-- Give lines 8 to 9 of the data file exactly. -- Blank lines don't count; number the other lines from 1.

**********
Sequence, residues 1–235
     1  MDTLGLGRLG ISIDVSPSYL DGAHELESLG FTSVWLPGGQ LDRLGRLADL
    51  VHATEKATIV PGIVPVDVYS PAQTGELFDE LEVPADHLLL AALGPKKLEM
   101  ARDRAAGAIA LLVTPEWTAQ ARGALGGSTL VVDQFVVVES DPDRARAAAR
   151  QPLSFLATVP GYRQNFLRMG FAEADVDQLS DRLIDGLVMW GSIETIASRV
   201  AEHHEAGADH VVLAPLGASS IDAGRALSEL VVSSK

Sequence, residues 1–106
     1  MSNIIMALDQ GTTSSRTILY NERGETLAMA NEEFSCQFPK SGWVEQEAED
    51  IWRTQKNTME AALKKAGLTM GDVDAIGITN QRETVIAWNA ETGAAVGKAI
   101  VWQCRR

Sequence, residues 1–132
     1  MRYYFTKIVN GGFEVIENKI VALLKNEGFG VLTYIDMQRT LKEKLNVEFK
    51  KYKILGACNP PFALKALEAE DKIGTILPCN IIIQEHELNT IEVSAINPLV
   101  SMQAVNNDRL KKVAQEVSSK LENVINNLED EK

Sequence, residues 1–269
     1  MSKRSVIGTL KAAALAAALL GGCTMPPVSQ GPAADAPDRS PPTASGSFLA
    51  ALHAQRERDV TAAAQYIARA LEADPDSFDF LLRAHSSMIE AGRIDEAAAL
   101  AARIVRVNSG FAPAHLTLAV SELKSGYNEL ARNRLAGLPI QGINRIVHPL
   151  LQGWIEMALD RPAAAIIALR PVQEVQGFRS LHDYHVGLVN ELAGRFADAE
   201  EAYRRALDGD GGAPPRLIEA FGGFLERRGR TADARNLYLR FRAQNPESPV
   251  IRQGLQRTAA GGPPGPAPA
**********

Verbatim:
     1  MSNIIMALDQ GTTSSRTILY NERGETLAMA NEEFSCQFPK SGWVEQEAED
    51  IWRTQKNTME AALKKAGLTM GDVDAIGITN QRETVIAWNA ETGAAVGKAI